05 August 2016
The lay workers are the unsung heroes of the HIV treatment movement
Community Health Agent Babongile Luhlongwane conducts an HIV test on Andile (28), who lives in Eshowe. Photo: Greg Lomas

They are the unsung heroes of the HIV treatment movement. They form the links in the life-saving chain between people and treatment programmes to halt the spread of the virus. Community health workers enable testing, treatment and adherence services to reach deep into communities, even in rural KwaZulu Natal (KZN).

“The lay workers in communities and facilities are the glue holding everything together—improving both quality of care and access,” says Musa Ndlovu, deputy field coordinator for Doctors Without Borders (MSF) in Eshowe/Mbongolwane.

Patient care, he says, works like dominoes – with an entire community involved in testing people where they live and work, and ensuring someone who tests positive is initiated on treatment and supported to stay adherent to lifelong treatment with suppressed virus levels.

Bending the Curves

In April 2011, international medical humanitarian organisation MSF and the KZN Department of Health (DoH) launched an innovative HIV/TB project called “Bending the Curves” in Eshowe, an urban area and Mbongolwane, a rural setting in the province’s uMlalazi Municipality, uThungulu District.

The area has one of the highest rates of HIV and TB in South Africa with one in four people aged 15 to 59 being HIV positive. 

Community healthcare workers are critical to running the project’s HIV prevention and testing initiatives, linking HIV-positive people to medical care and supporting them to adhere to treatment.

Click on the image below to view the Slideshow: Bending the Curves

MSF and the KZN Department of Health launched an innovative HIV/TB projects called Bending the Curves

What happens without the glue

The absence of lay counsellors in facilities has a hugely negative impact. After lay counsellors were withdrawn from facilities in KZN in two waves during 2015, the monthly average number of HIV tests conducted in MSF-supported facilities in Eshowe/Mbongolwane decreased by 25 percent and a further 13 percent respectively. The number of new people starting on treatment declined by 20 percent. MSF is advocating for lay counsellors to be reinstated to strengthen HIV prevention and treatment in the area.

Customising services to meet needs

MSF runs various community testing approaches including mobile testing units with teams of  counsellors and site mobilisers offering HIV counselling and testing (HCT) and TB screening and mobilisation for MMC among other services in farms, schools, taxi ranks and other areas.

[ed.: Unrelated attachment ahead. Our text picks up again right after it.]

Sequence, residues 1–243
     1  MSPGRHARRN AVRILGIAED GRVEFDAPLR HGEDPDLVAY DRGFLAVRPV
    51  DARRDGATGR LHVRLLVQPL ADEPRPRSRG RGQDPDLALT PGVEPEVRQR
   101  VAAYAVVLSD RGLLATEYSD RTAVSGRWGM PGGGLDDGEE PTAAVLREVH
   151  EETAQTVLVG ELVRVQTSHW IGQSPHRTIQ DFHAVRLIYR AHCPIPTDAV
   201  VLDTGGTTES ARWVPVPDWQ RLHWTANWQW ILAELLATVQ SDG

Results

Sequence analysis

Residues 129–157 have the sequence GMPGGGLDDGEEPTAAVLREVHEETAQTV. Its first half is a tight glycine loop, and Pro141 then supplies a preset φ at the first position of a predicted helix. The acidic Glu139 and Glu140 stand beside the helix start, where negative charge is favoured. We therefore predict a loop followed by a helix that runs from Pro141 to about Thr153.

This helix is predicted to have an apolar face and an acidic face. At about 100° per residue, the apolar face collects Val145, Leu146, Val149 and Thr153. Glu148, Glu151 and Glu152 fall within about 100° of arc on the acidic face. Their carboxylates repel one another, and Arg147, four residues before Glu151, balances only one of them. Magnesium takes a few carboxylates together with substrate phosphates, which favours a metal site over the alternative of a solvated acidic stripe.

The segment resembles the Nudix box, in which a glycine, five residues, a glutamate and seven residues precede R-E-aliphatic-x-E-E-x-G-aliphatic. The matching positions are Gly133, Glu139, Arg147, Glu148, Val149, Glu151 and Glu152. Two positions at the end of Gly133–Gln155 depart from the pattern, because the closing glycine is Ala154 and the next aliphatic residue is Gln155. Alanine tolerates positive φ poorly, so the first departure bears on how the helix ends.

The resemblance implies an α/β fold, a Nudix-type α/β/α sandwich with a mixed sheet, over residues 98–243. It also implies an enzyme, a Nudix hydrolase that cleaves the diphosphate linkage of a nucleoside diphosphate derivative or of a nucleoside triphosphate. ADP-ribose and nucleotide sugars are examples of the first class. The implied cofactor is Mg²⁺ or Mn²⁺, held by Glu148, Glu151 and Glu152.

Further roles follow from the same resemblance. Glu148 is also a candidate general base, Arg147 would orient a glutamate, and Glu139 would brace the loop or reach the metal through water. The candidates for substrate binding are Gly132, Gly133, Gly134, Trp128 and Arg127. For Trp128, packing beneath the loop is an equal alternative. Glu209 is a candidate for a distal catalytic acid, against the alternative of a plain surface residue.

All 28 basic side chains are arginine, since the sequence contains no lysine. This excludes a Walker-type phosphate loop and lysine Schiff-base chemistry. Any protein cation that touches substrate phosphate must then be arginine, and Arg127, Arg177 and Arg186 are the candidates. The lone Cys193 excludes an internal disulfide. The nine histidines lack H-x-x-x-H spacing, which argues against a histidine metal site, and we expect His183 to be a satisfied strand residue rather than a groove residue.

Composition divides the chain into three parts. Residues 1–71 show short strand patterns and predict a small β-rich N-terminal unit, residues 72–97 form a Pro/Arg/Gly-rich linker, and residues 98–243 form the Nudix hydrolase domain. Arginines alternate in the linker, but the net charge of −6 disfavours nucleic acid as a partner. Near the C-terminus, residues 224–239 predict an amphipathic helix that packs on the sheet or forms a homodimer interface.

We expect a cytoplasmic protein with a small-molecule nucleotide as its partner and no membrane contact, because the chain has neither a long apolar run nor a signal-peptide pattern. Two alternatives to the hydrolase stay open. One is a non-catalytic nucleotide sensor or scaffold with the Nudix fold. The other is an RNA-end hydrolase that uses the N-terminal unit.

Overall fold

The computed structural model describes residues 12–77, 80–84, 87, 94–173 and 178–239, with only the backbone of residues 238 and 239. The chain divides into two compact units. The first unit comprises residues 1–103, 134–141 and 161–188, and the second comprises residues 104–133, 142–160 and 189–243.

MSF has established three fixed sites in Eshowe and Mbongolwane staffed by lay counsellors and community mobilisers providing the same services as the mobile testing units.

Door-to-door testing

As part of the project, MSF is also rolling out the Community Health Agents Programme (Chaps), which involves 33 lay workers providing door-to-door HCT in rural and peri-urban areas as well as TB and STI screening, referral to health facilities and MMC recruitment among other services.

These community testing strategies piloted by MSF in KZN are particularly effective at reaching first-time testers, including students, young women at risk of HIV, and young men wh­­­o may not attend health facilities. Door-to-door testing by community health workers reaches people of all ages.  

Watch this video to see the long distances lay way workers travel to reach outlying communities

Helping people stick to treatment

To increase adherence to treatment among those who test positive, lay counsellors meet with groups for ART collection and to provide adherence counselling.  

While policies and practices for employing lay workers vary widely, their absence from the health system is negative impacting communities. Their power and value in addressing South Africa’s HIV and TB epidemics cannot be overestimated.

Find out more about MSF's work in South-Africa.